In many forms of product testing only apply one form of stress which only promotes a subset of all possible failure mechanism. Basing MTBF calculation on a single stress test, while possible to be accurate enough, is often missing important life-cycle conditions, stresses and failure mechanisms.

The simple issue here is the internal definition of failure which well may be different than your customers definition. Be clear and concise, plus open to new definitions of failure. It is generally limited to product specifications.

## History of Use

Karl Pearson first mention of the ‘negative exponential distribution’ in 1895. The Exponential Distribution has a number of interesting properties, one of which takes advantage of the tools available in the 1950’s and 60’s.

Specifically the ability to add failure rates (inverse of MTBF is the failure rate). Adding was rather easy at the time using mechanical and later electric adding machines. Using a slide rule and tables for the exponents is cumbersome with possibly 100’s or 1,000’s of calculations.

In 1961, the first issue of the MIL-HDBK-217 detailed how to perform parts count predictions. The method relied on the ability to add failure rates. Work continues to this day to update and revise the methodology. These efforts may take us out of the era of mechanical adders, as today doing complex calculations is as easy as turning the crank.

Today we have models and distributions for the complex array of failure mechanisms and should take advantage of this knowledge. Limiting the combination of failure rate information to a constant for each component distorts and misleads those attempting to make decisions based on the prediction or data analysis.

## Examples of MisUse of MTBF

So, while it is a convenient assumption to say the component, product or system has a constant failure rate, this is often not true. And, this assumption does lead to very poor understanding, modeling and decisions related to real products.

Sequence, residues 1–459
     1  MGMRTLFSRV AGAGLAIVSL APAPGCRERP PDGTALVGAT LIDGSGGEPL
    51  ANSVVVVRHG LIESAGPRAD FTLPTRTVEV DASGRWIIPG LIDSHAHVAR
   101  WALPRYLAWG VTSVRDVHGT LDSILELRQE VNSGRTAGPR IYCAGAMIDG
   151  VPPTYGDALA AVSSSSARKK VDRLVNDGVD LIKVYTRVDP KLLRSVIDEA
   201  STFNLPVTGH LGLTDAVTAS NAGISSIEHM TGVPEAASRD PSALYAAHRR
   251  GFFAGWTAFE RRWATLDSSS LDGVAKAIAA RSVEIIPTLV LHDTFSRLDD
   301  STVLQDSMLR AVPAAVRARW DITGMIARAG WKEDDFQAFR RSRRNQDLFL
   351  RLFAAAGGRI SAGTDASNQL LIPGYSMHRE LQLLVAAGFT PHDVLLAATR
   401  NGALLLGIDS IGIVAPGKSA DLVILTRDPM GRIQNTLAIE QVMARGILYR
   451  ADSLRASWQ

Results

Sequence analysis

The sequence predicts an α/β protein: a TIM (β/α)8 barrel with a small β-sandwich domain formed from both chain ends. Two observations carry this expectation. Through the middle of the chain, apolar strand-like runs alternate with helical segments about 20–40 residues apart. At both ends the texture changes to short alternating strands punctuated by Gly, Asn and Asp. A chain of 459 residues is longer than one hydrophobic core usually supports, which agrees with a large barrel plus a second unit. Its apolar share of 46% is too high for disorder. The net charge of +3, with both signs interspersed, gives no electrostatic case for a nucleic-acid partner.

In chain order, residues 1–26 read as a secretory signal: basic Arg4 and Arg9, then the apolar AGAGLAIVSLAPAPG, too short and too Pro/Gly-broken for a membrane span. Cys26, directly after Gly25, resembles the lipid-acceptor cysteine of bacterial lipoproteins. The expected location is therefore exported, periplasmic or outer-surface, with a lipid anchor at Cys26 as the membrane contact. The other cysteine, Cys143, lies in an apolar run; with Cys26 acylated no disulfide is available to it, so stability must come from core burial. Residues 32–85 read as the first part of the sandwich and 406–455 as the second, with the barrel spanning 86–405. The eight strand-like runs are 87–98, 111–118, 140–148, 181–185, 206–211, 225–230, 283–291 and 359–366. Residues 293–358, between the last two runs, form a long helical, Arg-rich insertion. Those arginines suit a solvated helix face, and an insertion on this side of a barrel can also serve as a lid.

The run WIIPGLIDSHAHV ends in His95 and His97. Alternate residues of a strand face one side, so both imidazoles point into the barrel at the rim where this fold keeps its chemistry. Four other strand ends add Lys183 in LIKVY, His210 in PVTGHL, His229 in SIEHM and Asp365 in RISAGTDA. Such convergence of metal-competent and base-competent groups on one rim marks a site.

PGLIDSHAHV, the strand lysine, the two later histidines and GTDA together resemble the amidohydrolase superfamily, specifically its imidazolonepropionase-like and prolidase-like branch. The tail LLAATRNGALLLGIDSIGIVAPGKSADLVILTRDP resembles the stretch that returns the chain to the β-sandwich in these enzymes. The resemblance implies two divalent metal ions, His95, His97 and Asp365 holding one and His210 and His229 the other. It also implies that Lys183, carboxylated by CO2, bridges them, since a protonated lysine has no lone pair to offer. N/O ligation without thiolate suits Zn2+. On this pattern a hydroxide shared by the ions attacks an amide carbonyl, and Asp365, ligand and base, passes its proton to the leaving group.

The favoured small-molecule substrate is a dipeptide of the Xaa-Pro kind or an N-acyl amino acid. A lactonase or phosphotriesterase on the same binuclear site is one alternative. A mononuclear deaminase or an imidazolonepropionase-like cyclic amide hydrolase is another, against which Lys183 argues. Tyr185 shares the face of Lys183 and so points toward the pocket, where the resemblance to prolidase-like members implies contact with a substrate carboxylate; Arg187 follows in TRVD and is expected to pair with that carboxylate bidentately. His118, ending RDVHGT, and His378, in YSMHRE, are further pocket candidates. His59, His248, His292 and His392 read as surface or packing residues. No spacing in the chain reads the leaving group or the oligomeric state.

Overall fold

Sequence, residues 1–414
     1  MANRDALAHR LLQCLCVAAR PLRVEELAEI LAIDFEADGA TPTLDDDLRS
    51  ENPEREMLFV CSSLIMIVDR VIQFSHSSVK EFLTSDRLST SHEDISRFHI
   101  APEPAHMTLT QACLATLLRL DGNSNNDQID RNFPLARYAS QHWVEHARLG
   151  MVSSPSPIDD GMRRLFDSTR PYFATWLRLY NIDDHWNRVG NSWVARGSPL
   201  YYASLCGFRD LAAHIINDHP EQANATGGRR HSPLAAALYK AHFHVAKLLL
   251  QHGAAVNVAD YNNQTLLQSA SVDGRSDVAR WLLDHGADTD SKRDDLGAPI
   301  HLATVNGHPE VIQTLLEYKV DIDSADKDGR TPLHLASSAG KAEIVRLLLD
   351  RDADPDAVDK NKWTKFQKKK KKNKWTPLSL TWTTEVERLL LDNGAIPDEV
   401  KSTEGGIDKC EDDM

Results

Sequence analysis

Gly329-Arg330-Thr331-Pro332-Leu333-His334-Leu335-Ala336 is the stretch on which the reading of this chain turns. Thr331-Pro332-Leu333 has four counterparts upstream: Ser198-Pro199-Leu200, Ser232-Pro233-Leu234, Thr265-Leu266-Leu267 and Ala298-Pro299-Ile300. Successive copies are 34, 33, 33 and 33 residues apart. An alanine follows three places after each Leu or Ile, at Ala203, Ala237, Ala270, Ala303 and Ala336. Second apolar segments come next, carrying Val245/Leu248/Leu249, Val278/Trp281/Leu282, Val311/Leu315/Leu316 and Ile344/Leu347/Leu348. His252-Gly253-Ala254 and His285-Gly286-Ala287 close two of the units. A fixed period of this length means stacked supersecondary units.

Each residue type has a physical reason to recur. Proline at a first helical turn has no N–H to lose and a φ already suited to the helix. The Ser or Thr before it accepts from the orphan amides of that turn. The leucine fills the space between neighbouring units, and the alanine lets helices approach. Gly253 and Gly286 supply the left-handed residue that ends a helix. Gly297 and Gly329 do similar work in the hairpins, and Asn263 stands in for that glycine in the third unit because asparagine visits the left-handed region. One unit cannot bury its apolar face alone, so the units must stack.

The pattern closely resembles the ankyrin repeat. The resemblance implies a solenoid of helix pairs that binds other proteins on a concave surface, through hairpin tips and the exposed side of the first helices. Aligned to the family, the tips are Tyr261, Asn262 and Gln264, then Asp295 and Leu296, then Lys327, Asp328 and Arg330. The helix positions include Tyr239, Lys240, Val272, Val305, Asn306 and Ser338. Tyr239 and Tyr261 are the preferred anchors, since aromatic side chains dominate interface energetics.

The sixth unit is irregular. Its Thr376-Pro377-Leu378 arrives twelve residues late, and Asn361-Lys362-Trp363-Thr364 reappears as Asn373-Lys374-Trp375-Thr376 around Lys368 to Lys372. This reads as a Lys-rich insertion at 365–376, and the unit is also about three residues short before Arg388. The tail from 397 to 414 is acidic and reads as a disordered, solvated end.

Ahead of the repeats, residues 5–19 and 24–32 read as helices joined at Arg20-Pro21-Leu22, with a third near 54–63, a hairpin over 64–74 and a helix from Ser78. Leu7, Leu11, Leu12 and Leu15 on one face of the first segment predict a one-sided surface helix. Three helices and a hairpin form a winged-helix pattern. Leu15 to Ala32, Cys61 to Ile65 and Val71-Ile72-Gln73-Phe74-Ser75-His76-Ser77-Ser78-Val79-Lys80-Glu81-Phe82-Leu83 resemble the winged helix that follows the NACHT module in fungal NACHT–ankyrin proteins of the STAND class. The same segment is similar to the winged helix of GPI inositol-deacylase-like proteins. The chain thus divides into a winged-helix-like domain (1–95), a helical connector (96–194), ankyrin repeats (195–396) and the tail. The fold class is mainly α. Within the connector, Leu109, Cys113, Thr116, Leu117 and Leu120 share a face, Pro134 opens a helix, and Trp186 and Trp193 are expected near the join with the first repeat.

The obvious misuse stems from the various means individuals misunderstand MTBF. For example, if an electric engineer believes MTBF to be a failure free period his selection of components will have a significantly less desirable field failure rate.

Another simple issue is the advertising of product or component reliability by simply stating an MTBF value. Without stating the conditions, environment, usage period, and other reliability related bits of information, the reader is left to wonder what the MTBF really means. For a component that has an increasing failure rate over time, like a cooling fan that experiences bearing wear out, the MTBF is a valid approximation of the fan failure rate over some specific period of time. The fan datasheet often does not state the expected duration over which the constant failure rate applies. If the vendor is designing and evaluating fan life for an expected one year of use, then the life data may actually be exponential. If the application the electrical engineering is considering the inclusion of a cooling fan is to operate for 10 years, then surprised when the product qualification or field performance experiences higher than expected fan failures.

## 18 thoughts on “Perils”

1. The most costly misuse of MTBF is the years of wasted effort collecting failure data on equipment that have no relationship other than equipment type, i.e. pump. I know of reliability engineers at large oil refineries that try to use MTBF to gauge the reliability of 3000+ pumps of all shapes, sizes, functions, applications, and most importantly, failure modes. This is ludicrous.

2. Hi Barry,

Totally agree – and you are on to something there – focus on failure mechanisms and I would recommend not using MTBF and specifying reliability completely for each model of pump (or failure mechanism within a reliability model for each type of pump) including probability of success, duration, environment, and function.

cheers,

Fred

3. Hans Lutsch says:

Actually, The Aircraft Reliability industry did lots of work on this over the past ten years through the ATA Spec2000 process (See Spec2000 Reliability Interest Group RIG) where much was done to standardise these metrics and more.

MTTF is now the mean time of the life achieved by the group of assets that Failed (does not include those that are still operating) Not like MTBF that includes unit operating hours of the assets that have not yet failed during the time period of analysis which of course if used incorrectly, produces an unrealistic MTTF expectation.